• Source
    Y. Tobe · S. Imaizumi · N. Aoki · H. Kobayashi ·
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    ABSTRACT: In this paper, an efficient data hiding scheme for printed color images is proposed that visualizes on printed color images embedded data that is invisible on a monitor. We accomplished this scheme by using the differences of color gamut between a monitor and printer. The proposed scheme visualizes embedded data by converting one piece of color information, either L*, a*, or b*, to a fixed value when printing. This feature can be easily applied to copyright protection for printed images. Simulation results show the effectiveness of our scheme.
    Intelligent Signal Processing and Communications Systems (ISPACS), 2012 International Symposium on; 01/2012
  • Source
    S. Imaizumi · N. Aoki · H. Kobayashi · H. Kiya ·
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    ABSTRACT: We propose a key assignment scheme and applying it to control hierarchical access to multimedia content. By introducing a modified hash chain, the proposed scheme manages one key composed of a single segment. The managed key is not distributed to any users, providing security against key leakage. Collusion attacks are prevented by the order of key assignment. Our scheme also reduces the number of hash calculations. Analysis of performance demonstrated this scheme is valid.
    Intelligent Information Hiding and Multimedia Signal Processing (IIH-MSP), 2012 Eighth International Conference on; 01/2012
  • A. Kobayashi · B. Zhou · H. Kobayashi ·
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    ABSTRACT: Single-component molecular conductors [M(tmdt)2] (tmdt=trimethylenetetrathiafulvalenedithiolate; M=Ni, Au, Pt, Cu), exhibit a variety of electromagnetic properties, which originate from the differences of the metal’s d-orbitals role in the band structure formation. The [Au(tmdt)2] crystal undergoes an antiferromagnetic transition at 110K, while maintaining a metallic state at lower temperatures. The Au analog has a high magnetic transition temperature as compared to traditional magnetic molecular conductors due to the strong three-dimensional (3-D) structure and the contribution of the metal d-orbitals. The single-component molecular conductor, [Cu(tmdt)2], with π- and d-like frontier orbitals is isostructural with other metallic [M(tmdt)2] systems (M=Ni, Pt, Au). The Cu(tmdt)2 molecule is planar, which strikingly contrasts the tetrahedral coordination of Cu(dmdt)2 (dmdt=dimethyltetrathiafulvalenedithiolate) with similarly extended TTF type ligands. Interestingly, unlike other [M(tmdt)2] with metallic behavior, [Cu(tmdt)2] shows semiconducting behavior at room temperature (σ(RT)=∼7Scm−1). The RT conductivity increased linearly with increased pressure to 110Scm−1 at 15kbar despite the compressed pellet sample. The magnetic susceptibility indicates one-dimensional (1-D) Heisenberg behavior with J=117cm−1 and shows antiferromagnetic ordering at 13K. The [Cu(tmdt)2] is a new multi-frontier π–d system, which introduces a d(σ)-type frontier orbital around the Fermi level of the π-like metal bands.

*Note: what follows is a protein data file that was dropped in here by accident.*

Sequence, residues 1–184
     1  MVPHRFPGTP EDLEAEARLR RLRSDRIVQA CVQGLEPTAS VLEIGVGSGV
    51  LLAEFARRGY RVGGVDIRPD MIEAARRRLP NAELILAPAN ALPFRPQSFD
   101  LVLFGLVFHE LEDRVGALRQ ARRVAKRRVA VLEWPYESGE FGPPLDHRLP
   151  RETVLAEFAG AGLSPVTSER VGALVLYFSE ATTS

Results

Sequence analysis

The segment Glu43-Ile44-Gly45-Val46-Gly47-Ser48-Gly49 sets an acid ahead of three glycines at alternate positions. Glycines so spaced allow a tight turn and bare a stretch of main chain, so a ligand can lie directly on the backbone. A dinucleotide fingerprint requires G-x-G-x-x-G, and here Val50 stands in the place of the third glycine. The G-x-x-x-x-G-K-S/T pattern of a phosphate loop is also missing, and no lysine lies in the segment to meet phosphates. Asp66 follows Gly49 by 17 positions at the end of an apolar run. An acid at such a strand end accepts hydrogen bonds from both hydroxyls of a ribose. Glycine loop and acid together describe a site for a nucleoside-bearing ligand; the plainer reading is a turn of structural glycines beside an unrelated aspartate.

Polyhedron 11/2011; 30(18). DOI:10.1016/j.poly.2011.07.027 · 2.01 Impact Factor
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    ABSTRACT: ChemInform is a weekly Abstracting Service, delivering concise information at a glance that was extracted from about 100 leading journals. To access a ChemInform Abstract of an article which was published elsewhere, please select a “Full Text” option. The original article is trackable via the “References” option.
    ChemInform 12/2010; 24(50). DOI:10.1002/chin.199350325
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    ABSTRACT: ChemInform is a weekly Abstracting Service, delivering concise information at a glance that was extracted from about 100 leading journals. To access a ChemInform Abstract of an article which was published elsewhere, please select a “Full Text” option. The original article is trackable via the “References” option.
    ChemInform 10/2010; 28(44). DOI:10.1002/chin.199744024
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    ABSTRACT: A deposition from binary vapors (DBV) has been developed into a novel technique for the growth of polycrystalline thin films of SrGa2S4 by employing simultaneous evaporation of gallium sulfide (Ga2S3) and cerium-activated strontium sulfide (SrS). The growth kinetics of SrGa2S4 was studied by investigating the crystallographic structure and composition of evaporated films as a function of the substrate temperature and impingement flux ratio with the aid of energy-dispersive x-ray microanalysis and x-ray diffraction measurements. With regard to uniform crystalline structure and stoichiometric compositiion, a Ca2S3/SrS flux ratio in the 60 to 100 range was empirically found to give the best results for a substrate temperature of 460 degrees C. The Ce-doped SrGa2S4 films exhibit the characteristic photoluminescent emission which is dominated by the D-2-F-2(5/2) transition within the Ce3+ ions occurring at 445 nm in the blue region.
    ChemInform 10/2010; 28(43). DOI:10.1002/chin.199743007